Gaither's songs of love and goodwill bring healing this holiday season
Whoever said that music is the universal language lied, Bill Gaither says.
Not that there isn't truth in that statement, about how music speaks to human souls around the world. But take a multi-generational family, and you may not find much common ground, says the legendary Christian singer who is bringing the Gaither Christmas Homecoming to the Petersen Events Center in Oakland on Dec. 2.
Music “can be the most divisive element in our culture,” says Gaither, who still lives in his hometown of Alexandria, Ind. “Kids love their music, and the middle-aged love their music.”
But for several weeks out of the year, at Christmas time, diverse tastes in music unite and delight in the joy of Christmas carols. Who doesn't like good yuletide music?
“That's the great part about Christmas,” Gaither says. “It's a very unifying time, where at least most of the family can come together on music.
“I think it will be a wonderful chance (at the concert) to sing lines like ‘The hopes and fears of all the years are met in thee tonight' …”
At 80, Gaither still tours energetically, and brings the Christmas concert to several American cities a year; however, other members of his team do most of the “heavy lifting,” he says. Gaither plays the role of patriarch and shares the stage with a big band and many other singers. The Isaacs, a bluegrass band, will join Gaither on stage, and they have great harmony, he says. Gaither's set list includes Christmas classic hymns like “O Holy Night,” and more contemporary songs like “Mary, Did You Know?”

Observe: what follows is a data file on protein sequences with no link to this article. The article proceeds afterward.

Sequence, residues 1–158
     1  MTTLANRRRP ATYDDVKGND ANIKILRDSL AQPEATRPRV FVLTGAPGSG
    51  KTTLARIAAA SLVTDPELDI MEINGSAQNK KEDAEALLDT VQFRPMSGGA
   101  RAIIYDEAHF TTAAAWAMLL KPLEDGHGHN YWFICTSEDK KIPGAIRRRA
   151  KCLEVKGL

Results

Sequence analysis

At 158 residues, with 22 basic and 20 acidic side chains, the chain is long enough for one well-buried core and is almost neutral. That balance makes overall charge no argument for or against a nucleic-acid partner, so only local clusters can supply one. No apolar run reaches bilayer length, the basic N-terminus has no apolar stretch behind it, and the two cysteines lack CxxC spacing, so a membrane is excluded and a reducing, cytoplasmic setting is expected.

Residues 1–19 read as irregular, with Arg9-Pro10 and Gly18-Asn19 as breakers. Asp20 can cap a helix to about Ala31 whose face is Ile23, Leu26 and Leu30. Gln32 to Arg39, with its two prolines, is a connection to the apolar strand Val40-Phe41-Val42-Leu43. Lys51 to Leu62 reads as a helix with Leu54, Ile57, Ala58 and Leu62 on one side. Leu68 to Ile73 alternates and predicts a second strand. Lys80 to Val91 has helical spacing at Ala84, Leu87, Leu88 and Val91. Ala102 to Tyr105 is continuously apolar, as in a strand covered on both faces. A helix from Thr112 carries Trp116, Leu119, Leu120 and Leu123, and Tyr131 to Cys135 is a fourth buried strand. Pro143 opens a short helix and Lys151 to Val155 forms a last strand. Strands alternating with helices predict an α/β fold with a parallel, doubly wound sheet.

“I'm probably the granddaddy,” Gaither says. “It's Christmas. It's kind of like a family reunion.”
Speaking of reunions, after such a nasty election that divided Americans, people could especially use the healing and unity that the Christmas spirit and music can create, he says.
“Martin Luther King is given credit for this statement: ‘There are more things that unite us than those things that divide us.' I have to believe that,” Gaither says. He recalls performing in Pittsburgh after the terrorist attacks of 9/11/01, and the patriotism that united everyone.
“When we sang ‘America the Beautiful' that night, the entire arena was rising to their feet,” Gaither says. “It took something tragic like that for a family that might have disagreed earlier in the year — but at that point, because of 9/11, we were all united.
“I think when you're singing songs about peace and love and goodwill … it brings healing to all of us,” Gaither says.
“There is nothing more beautiful than when all our diversity comes together — when you put it in a blender and it becomes one, then we are all Americans at that point. … We are all part of the family of God, and I believe that very much.”
Kellie B. Gormly is a Tribune-Review contributing writer.